It is a sure sign that Facebook's algorithms have run amok when they allow anyone to target ads to people with an expressed interest in burning Jews. Likewise, when Russians can sow chaos in American elections by purchasing thousands of phony Facebook ads without Facebook realizing it, the automated systems selling those ads may need some oversight.
Two incidents in recent weeks have highlighted how Facebook's advertising network—the cornerstone of its half-trillion-dollar valuation—is as susceptible to manipulation and bigotry as its news feed. Facebook addresses each problem as it arises, in isolation. But maybe it's time for Facebook to acknowledge that it can't solve these problems alone and to ask for help—before governments offer their own "help."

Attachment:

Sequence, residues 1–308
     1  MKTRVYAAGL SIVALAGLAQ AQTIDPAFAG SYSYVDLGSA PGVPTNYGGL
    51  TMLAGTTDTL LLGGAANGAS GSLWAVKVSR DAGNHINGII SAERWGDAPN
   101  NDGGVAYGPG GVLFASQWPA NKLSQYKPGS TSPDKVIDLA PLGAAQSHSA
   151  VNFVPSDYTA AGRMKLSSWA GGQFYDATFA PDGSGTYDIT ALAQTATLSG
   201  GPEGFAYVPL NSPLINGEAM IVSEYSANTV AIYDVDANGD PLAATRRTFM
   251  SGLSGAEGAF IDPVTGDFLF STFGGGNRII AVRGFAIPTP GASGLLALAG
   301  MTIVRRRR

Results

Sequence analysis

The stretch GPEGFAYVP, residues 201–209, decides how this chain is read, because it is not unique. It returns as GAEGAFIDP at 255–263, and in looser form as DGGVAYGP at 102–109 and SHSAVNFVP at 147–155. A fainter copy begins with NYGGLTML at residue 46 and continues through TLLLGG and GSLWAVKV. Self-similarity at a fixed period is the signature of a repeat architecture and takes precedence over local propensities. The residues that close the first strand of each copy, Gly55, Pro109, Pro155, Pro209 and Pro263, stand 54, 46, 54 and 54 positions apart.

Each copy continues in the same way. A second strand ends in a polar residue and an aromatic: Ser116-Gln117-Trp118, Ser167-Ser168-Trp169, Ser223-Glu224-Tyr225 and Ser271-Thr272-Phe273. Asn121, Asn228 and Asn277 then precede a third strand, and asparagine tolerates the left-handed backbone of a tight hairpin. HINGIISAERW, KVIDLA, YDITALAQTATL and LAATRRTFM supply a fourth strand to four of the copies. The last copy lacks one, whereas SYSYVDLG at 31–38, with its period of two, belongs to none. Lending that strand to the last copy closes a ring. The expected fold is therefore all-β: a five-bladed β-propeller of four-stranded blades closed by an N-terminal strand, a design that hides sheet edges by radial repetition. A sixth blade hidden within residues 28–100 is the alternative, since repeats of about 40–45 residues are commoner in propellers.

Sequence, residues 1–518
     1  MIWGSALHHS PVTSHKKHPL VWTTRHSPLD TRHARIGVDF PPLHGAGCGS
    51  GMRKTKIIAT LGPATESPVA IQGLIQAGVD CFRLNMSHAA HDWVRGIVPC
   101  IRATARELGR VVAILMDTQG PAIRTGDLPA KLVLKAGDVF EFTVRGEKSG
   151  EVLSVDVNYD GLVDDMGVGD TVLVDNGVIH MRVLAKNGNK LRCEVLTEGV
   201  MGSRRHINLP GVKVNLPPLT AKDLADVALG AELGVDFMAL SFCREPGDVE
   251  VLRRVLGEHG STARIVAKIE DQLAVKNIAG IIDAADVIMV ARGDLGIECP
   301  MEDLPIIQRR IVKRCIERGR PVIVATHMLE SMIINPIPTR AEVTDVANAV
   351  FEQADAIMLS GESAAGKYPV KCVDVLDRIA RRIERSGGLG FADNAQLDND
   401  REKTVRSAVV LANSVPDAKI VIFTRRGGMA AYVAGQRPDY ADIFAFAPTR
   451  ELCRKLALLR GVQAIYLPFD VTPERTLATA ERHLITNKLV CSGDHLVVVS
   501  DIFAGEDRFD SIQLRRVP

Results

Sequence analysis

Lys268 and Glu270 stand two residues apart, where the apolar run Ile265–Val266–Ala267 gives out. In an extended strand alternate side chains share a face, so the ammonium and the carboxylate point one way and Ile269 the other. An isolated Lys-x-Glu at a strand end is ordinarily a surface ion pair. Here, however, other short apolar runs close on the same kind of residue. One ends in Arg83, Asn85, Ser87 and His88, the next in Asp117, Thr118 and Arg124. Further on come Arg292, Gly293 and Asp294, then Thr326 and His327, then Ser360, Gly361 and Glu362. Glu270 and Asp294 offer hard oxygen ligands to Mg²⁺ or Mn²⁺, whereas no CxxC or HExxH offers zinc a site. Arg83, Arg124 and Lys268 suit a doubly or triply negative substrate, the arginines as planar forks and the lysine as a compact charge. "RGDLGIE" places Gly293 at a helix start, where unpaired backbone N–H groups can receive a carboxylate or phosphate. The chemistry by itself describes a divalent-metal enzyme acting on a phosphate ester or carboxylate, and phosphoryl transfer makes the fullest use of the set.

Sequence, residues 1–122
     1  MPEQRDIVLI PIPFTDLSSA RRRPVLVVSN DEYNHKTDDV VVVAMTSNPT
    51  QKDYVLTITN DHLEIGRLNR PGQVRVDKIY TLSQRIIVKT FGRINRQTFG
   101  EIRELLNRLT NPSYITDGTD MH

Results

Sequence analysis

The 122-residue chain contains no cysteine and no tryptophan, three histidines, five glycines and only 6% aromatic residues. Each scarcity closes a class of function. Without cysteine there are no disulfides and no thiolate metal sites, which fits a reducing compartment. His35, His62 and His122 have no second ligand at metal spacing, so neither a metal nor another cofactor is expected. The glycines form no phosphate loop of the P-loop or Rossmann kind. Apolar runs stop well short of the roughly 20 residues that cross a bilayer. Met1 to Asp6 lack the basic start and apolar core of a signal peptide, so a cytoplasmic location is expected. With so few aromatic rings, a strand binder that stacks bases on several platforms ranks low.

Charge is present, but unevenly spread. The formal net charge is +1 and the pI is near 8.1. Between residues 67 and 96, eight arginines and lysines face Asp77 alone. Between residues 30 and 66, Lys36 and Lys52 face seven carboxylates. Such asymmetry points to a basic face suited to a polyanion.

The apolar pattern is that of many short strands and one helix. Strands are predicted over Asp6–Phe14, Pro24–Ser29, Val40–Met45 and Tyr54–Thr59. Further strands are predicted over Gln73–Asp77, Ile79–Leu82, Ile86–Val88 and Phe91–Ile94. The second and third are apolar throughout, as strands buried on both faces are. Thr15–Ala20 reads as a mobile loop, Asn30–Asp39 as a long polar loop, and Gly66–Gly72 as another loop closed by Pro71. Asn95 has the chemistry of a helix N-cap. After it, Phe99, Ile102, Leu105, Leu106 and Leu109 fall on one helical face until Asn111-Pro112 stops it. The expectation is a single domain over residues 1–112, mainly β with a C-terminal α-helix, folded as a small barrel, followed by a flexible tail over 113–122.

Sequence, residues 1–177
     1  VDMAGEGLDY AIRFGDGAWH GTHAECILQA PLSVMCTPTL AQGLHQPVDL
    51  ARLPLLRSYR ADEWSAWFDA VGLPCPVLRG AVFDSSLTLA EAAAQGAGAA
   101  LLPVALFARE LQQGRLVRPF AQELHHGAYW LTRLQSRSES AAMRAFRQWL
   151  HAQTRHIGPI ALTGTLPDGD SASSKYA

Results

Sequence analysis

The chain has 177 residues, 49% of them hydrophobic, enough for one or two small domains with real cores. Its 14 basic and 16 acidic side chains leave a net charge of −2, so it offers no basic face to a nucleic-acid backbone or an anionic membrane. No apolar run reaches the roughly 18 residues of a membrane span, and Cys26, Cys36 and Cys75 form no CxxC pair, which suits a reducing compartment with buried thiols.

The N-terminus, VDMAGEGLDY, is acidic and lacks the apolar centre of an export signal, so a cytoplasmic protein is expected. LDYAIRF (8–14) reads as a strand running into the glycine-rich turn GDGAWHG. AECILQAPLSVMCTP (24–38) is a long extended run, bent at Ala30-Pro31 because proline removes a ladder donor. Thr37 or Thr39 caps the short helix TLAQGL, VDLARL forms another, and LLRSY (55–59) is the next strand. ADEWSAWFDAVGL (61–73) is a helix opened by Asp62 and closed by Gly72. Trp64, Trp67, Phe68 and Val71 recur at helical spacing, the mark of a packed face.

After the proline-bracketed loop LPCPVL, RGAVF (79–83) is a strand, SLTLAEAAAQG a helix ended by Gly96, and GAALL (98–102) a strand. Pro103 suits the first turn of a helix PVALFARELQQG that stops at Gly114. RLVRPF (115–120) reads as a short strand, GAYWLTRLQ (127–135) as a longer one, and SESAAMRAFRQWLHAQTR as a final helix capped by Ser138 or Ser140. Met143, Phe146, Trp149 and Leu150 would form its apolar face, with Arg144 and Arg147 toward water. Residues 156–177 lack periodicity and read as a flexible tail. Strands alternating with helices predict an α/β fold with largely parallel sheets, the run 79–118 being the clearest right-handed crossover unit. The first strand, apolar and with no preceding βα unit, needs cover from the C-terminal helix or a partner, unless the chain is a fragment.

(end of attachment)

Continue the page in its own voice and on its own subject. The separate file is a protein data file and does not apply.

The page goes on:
In academia and other corners of tech, peer review is the norm. Cybersecurity companies hire outsiders to poke holes in their infrastructure and find vulnerabilities they may have missed. They don't view that as sacrificing trade secrets or spilling their special sauce. If anything, they view this extra vetting as a competitive advantage.